Throughout the country, including Florida, couples often cohabitate outside of marriage. However, under state law, unmarried cohabitating partners have none of the legal rights that married couples have. As a result, if cohabitating partners separate or break up or one partner passes away, the law makes no provisions for the division of assets as it would for a married couple. With careful asset protection planning, you could avoid losing the joint assets you have contributed to and worked so hard to accrue over the years. Fortunately, you have options for ensuring that you protect your rights to joint assets, whether your relationship ends in separation, or your partner passes away. A Florida asset protection lawyer at Kramer Green can evaluate your situation and determine the best forms of asset protection for you.
Execute a Will or Trust to Reflect Your Wishes for Your Property.
Many individuals put off estate planning because they believe that they don’t have sufficient assets or feel that they are too young to worry about it. However, an untimely death can occur at any time, and if you have no estate plan, an unmarried surviving partner likely will have no claim to any of your assets. As a result, executing a will leaving specific assets to your surviving partner is one mechanism for ensuring that your wishes for your assets are carried out after your death. Having a will also helps avoid the unfortunate situation in which your assets go to your next-of-kin, which may differ from what you intended.
Another common estate planning technique is to create a trust, which can exist in varying forms based on your needs. You can then transfer assets into the trust for distribution to the named beneficiaries after your death according to the trust document’s terms. A trust can help avoid lengthy and expensive probate proceedings. You also typically want to execute a pour-over will, which transfers any of your property inadvertently left out of the trust into the trust for future distribution.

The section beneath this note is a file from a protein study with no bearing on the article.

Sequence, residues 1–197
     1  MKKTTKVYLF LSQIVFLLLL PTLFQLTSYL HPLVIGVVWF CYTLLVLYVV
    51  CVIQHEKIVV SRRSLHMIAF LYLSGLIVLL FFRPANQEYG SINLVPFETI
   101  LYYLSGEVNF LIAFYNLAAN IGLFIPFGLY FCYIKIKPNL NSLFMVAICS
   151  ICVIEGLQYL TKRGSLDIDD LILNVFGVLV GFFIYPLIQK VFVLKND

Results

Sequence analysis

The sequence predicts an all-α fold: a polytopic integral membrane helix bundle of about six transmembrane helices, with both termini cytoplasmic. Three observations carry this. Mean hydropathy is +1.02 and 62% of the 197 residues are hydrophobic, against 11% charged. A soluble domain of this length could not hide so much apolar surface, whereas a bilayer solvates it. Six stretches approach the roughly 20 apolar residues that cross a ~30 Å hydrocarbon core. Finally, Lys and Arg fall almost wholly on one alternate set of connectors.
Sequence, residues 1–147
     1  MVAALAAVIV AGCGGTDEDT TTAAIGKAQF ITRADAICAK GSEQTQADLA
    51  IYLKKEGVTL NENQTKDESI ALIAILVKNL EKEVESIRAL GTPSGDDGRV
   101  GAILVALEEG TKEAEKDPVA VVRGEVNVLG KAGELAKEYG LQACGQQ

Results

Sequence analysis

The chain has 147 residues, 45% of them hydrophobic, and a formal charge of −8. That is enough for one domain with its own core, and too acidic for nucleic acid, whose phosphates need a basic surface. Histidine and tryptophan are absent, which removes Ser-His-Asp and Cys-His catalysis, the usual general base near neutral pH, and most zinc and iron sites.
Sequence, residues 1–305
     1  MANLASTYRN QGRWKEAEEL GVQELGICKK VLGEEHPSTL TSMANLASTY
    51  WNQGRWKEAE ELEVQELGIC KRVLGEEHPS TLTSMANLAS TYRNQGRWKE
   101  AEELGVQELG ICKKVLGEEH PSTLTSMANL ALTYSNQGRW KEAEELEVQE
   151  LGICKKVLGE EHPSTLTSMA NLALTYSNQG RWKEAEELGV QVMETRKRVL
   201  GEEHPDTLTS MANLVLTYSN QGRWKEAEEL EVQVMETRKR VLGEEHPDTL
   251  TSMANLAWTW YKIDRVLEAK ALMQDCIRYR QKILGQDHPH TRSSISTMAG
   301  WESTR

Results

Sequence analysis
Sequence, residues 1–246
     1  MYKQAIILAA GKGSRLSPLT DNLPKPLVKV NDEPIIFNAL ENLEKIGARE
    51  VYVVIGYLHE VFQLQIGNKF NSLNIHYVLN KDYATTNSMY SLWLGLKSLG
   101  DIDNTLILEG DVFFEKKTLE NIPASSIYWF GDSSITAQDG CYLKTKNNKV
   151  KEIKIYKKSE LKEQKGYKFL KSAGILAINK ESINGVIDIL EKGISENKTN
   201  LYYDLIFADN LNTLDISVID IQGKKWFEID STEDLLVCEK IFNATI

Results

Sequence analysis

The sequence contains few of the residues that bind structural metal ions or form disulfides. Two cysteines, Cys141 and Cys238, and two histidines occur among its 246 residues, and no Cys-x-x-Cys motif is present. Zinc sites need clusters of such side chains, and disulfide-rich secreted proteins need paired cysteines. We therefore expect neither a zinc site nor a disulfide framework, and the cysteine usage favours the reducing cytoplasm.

Change the Deed to Any Real Estate You Own.
Suppose one partner owns real estate titled solely in their name. In that case, the other partner will have no legal claim to that property following the owner’s death, even if the surviving partner lived there for years. Even worse, if there is no will stating otherwise, real estate ownership will pass to the next of kin, not to the surviving partner, since the partners were not married, no matter the length of their relationship.
While having a will can remedy this problem, another way to resolve this issue and avoid probate in the case of cohabitating partners is to add the partner’s name to the real estate deed so that both partners have an ownership interest in the property. If the relationship breaks up, the cohabitating partners each will own a share of the property. If one partner passes away, the surviving partner may own a share in the decedent’s property, although the extent of that share depends on how exactly the property is titled.
Periodically Review and Update Beneficiary Designations to Reflect Cohabitating Partners.
Some non-probate assets pass to designated beneficiaries after the owner’s death. These assets include life insurance policies, IRAs, 401(k) plans, some pension plans, and annuities. By naming your cohabitating partner as your designated beneficiary on any or all these policies or accounts, you can ensure that your partner receives those funds after your death.
Consider a Domestic Partnership Cohabitation Agreement.
A domestic partnership cohabitation agreement can be ideal for unmarried couples who choose to live together. This agreement can outline how the couple will handle their assets and financial obligations during the relationship. It also can dictate the division of any joint assets and debts if the relationship ends. In this respect, a domestic partnership cohabitation agreement is similar to a prenuptial or postnuptial agreement for a married couple.
Allow Us to Assist You with Your Asset Protection Needs Today
An asset protection attorney at Kramer, Green, Zuckerman, Greene & Buchsbaum, P.A. can provide you with the assistance that you need to protect your personal and business assets from creditors. We know how to provide you with the maximum asset protection available to safeguard the wealth that you have worked to accumulate over time. Call us today at (954) 966-2112 or contact us online to set up a time to discuss your legal issues with our experienced asset protection lawyers.